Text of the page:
Beautiful

When I started this blog, I made some rules about certain things I wouldn’t write about. Number one on the list is the ex. Number two is anything with the kids that is truly maddening and/or heartbreaking.

There still is great value to the rules guiding me. Being a stepmom is a fluid role, ever changing, with lots of improv that may or may not be written into the script. I don’t want to wallow in negativity, nor immerse myself in problems that have no answer, but I reserve the right to break my own rules.

CC and I love each other, and we’re on the same page with respect to the kids about 98% of the time. I’ve sought support from enough stepmom forums and blogs to know that makes our situation rarer than a line at the Ladies’ Room at a Rush concert. I’m not even a little bit surprised at the divorce rate for second marriages with children.

So, what the fuck does any of this have to do with china?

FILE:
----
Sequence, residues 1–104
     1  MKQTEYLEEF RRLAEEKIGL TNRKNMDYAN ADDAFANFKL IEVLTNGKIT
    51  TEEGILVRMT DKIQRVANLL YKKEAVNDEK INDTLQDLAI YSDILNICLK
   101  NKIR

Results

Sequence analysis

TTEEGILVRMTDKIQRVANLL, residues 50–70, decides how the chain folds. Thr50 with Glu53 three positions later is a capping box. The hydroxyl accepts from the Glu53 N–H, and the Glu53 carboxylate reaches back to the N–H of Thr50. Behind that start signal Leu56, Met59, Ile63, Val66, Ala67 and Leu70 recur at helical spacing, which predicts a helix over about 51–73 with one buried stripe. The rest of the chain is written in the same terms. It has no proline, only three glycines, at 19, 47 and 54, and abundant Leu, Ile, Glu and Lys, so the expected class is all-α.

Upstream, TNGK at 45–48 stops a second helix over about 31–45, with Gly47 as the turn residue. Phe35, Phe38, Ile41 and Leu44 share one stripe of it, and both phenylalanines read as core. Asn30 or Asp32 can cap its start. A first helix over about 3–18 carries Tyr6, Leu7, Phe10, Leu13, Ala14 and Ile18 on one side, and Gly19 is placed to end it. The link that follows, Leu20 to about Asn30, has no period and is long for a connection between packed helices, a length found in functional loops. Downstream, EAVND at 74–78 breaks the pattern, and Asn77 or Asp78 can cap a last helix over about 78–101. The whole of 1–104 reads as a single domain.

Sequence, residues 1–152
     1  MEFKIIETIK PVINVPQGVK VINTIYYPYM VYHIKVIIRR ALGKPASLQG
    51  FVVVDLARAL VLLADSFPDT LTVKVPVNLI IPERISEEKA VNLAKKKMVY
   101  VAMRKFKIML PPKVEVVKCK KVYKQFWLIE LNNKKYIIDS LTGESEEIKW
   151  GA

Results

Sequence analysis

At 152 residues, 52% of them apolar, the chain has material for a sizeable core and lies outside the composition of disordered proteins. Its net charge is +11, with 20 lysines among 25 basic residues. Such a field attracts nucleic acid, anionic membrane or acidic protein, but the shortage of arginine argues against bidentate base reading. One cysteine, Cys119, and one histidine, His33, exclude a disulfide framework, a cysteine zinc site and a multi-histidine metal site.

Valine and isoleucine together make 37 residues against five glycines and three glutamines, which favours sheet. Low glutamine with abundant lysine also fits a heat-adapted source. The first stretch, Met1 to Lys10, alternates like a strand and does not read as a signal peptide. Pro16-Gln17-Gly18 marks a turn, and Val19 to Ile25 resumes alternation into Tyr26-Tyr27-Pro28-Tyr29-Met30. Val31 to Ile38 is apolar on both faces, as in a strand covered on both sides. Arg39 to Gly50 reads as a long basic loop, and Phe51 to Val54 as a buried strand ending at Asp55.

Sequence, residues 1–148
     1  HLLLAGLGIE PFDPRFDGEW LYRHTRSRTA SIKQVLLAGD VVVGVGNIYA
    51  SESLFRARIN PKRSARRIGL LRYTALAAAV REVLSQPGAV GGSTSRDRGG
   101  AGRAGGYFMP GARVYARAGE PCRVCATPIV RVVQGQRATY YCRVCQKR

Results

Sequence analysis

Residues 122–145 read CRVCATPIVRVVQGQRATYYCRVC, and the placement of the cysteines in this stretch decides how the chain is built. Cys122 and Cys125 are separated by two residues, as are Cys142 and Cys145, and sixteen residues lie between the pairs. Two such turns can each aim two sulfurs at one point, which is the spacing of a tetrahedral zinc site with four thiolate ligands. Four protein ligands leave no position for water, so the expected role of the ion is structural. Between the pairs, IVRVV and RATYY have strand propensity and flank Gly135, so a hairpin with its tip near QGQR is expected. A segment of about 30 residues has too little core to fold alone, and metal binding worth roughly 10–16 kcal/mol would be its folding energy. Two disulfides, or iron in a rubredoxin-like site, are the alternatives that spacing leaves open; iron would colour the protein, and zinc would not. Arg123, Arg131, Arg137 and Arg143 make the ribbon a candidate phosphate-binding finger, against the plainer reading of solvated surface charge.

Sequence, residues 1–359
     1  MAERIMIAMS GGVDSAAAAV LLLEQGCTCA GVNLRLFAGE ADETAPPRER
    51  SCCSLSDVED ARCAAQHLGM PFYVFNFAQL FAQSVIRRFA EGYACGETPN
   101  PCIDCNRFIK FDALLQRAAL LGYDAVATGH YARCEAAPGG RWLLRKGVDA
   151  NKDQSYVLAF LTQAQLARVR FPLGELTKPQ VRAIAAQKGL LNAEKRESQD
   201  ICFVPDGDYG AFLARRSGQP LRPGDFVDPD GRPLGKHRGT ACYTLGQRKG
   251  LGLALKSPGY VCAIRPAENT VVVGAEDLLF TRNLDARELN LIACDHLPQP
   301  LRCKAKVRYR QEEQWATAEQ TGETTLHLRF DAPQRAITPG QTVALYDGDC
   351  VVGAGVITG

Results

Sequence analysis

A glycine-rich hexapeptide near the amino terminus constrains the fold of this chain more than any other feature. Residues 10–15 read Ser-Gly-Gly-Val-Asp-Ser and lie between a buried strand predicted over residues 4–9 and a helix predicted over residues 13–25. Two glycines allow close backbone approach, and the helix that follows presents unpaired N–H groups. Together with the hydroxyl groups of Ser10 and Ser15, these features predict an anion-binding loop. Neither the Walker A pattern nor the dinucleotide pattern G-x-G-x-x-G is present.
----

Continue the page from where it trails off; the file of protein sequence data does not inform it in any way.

old

I’m not an object-oriented person. As I discussed last week, I’m not known for my mad homemaking skillz.

Three months after CC, the kids, and I all moved in together, we moved to a place that was almost big enough for us, with space to unpack most of our stuff. One day I stumbled upon a pile of boxes from CC’s storage unit in New Hampshire. They were full of the most beautiful, different styles of china. It was like finding treasure.

I hand-washed and dried everything, found places for it to live where I hoped it wouldn’t get broken, and started thinking of occasions to use it. For people who work nights and weekends and have five kids who were under 13 at the time, that’s Christmas. . . but still.

When CC got home, I greeted him with, “I unpacked the china!” He gave me an odd smile, and told me that in all the years of their marriage, his ex-wife never let those boxes come up from the basement.

She never allowed them to be unpacked.

I showed him where I stored everything and he started picking up plates and telling me stories. Every piece had a history: his grandparents’ wedding china from Tiffany. Several pieces that dated back to the 1700’s. The Sunday dinner plates from when he was growing up (his was the train).

train

Eating is family time. Even if you have scattered schedules, eat in front of the TV, or use paper plates, those memories are burned into your brainpan. I remember the green plastic bowl with feet and a face that I used to eat my Spaghetti0s from. When I go to my sister’s house, she serves me on the china we grew up with. I hold the plate and remember:

  • My mom’s fried chicken